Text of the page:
Process Books

13 Nov 2009 - 10:38am
6 years ago
5 replies
2158 reads
Laura Rodrian

I am planning on entering the Interaction '10 student competition,
which requires submissions in the form of a process book. However, I
am not familiar with the documentation style of process books. Can
anyone recommend any good examples or guidelines to follow when
creating one? I can speculate about what should be included but would
like to be sure that I am on the right track.

Thanks in advance!

Laura Rodrian
MSI Candidate 2010
School of Information
The University of Michigan


13 Nov 2009 - 12:48pm
Daniel Zollman

For my submission, I plan to organize the report (largely)
chronologically and include: problem definition, user needs,
questions for research and prototyping, research findings, initial
objectives and specs, a description of each iteration with the
reasoning behind each design decision, information about the final
product and its implementation, and next steps for
research/testing/improvements. Except perhaps for an introduction,
I'll write it in third person/passive voice.

This is actually my first project that focuses primarily on
interaction design (I'm mostly studying product design in school),
so the above outline is based on my generic approach rather than
experience doing this for IxD...I don't know what other interaction
designers would do. But, I think that'll fit my particular process.

I could be completely off the mark, so I'm curious to see what
others say.


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Posted from the new

13 Nov 2009 - 2:02pm

Havent a clue but had a little time on lunch hour to attempt learning
about - take a look at these and see if that helps provide you any
ideas. Appears it is a deliverable for design schools or such. good
luck to you both.

Process books are used by all students in studio-based courses that
have projects.
Students use these books to record their thinking and their process
throughout all phases
of the project. Some things that are recorded in the books include:
%u2022 The framework of the assignment,
%u2022 The ways in which students came to choose a particular design,
%u2022 The ways in which they worked through the various design
problems, and
%u2022 An evaluation of how the final product did or did not do what
it was supposed to do.

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Posted from the new

13 Nov 2009 - 6:34pm
Daniel Zollman

Those look interesting. Thanks for the links.

The CMU page seems to refer to design notebooks rather than
deliverables. The others appear to have a strong focus on layout and
graphic/information design, but they have the same types of content
that I'd put in a design report.

I also found this--considering that Dave Malouf is on the competition
committee, it's at least an indicator of what they had in mind when
they asked for a process book:

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Posted from the new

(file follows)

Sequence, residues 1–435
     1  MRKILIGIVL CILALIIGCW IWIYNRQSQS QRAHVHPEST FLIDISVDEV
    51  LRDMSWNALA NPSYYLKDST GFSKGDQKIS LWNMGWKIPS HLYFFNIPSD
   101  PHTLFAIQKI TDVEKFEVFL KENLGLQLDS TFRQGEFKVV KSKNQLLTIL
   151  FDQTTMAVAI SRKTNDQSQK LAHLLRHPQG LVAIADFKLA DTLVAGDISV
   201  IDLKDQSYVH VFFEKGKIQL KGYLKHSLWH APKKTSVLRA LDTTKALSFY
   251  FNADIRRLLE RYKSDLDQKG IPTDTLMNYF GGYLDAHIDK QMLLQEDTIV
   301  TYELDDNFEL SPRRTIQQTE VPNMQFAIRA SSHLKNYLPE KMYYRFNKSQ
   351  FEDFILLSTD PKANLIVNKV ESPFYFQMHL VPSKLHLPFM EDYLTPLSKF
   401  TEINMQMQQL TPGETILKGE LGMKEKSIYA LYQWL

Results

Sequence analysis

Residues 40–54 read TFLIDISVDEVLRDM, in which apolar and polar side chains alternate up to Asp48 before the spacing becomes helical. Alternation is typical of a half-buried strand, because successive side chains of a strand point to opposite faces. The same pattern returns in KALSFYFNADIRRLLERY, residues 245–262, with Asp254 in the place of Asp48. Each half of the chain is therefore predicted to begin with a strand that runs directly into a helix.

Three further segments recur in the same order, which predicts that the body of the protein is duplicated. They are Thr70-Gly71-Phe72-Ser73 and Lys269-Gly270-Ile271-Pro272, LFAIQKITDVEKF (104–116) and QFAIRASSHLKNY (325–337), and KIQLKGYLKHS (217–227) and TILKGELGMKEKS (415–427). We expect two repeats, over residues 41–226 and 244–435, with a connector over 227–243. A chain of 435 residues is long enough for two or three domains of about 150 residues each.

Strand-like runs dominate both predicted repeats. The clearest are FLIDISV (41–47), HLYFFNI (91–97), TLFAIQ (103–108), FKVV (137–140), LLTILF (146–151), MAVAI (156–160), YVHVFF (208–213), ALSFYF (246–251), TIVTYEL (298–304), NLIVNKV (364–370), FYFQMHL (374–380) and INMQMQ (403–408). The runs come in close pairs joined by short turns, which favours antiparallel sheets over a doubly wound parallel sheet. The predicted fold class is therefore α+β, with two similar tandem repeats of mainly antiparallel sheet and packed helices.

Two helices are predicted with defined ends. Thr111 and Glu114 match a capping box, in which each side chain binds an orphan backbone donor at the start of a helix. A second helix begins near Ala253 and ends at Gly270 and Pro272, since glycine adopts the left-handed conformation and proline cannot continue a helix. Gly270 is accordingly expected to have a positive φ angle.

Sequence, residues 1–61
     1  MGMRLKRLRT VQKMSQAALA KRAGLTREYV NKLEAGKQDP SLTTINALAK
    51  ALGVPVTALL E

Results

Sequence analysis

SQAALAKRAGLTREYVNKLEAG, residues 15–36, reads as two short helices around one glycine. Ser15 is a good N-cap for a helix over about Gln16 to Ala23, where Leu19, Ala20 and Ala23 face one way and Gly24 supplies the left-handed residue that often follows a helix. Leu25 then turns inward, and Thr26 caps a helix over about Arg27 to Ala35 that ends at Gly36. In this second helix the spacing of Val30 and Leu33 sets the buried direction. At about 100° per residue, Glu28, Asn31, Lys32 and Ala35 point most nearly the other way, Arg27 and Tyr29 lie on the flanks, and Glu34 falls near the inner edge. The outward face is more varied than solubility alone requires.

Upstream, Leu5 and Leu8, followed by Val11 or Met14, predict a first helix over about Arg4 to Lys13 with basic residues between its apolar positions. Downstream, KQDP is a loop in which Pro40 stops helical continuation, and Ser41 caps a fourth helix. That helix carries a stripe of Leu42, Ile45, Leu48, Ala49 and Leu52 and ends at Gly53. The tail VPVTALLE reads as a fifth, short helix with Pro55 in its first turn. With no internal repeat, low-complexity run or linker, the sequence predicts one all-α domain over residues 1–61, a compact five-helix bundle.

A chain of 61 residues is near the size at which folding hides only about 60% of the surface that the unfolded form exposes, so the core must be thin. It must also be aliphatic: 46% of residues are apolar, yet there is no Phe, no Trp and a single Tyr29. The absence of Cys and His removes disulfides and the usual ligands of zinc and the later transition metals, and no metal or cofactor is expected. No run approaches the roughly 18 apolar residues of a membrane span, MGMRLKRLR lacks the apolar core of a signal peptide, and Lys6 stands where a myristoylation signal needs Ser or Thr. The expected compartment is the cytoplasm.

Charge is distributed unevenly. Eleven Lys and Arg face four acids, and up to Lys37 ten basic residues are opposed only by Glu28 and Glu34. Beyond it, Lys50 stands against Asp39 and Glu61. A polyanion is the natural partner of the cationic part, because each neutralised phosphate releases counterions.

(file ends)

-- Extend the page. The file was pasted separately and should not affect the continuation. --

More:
14 Nov 2009 - 12:44am
Dave Malouf

Dan! I was just about to post that example. Since that is a team
project I know they can't post the work for themselves so it can't
be entered. And it covers the work of an entire class project (well
two separate classes), but yes, is in the right format and the right

The jury had some talks about what to call this deliverable and went
back and forth with some names: case study didn't feel right, but
was the closest contender.

As I tell my students whenever they are looking for "too much
direction". The assignment is to tell the story, not just of what
the design is in its final condition but the story of how you arrived
to your focus, who you considered, how you considered them, how you
arrived to your design, and why is it the right design. Oh! and
enough of the final condition so that I can appreciate it and
probably tell it to someone else w/o you in the room.

We are actually looking for people to innovate on the deliverables
themselves for doing this.

Please also note that while this first part of the competition is
about judging the design & process, the second part is about the

If people have more questions about the competition, please do ask
here in front of everyone, so when I or someone else answers,
everyone can see it.

For people who have no idea what this thread is about, go to to learn more.

-- dave

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Posted from the new

15 Nov 2009 - 6:06pm

Dan Zollman wrote:
> The CMU page seems to refer to design notebooks rather than
> deliverables. The others appear to have a strong focus on layout and
> graphic/information design, but they have the same types of content
> that I'd put in a design report.

Process was a deliverable within class -- when you turn in an assignment
you also have to turn in all of your process along with it. Some of us
kept multiple sketchbooks because grading might not happen right away
and we didn't want to be sans sketchbook. The ID types leaned towards
traditional sketchbooks, the CD types seemed to have more formal
portfolios filled with process.

J. E. 'jet' Townsend, IDSA
Designer, Fabricator, Hacker
design:; hacking:; HF: KG6ZVQ
PGP: 0xD0D8C2E8 AC9B 0A23 C61A 1B4A 27C5 F799 A681 3C11 D0D8 C2E8

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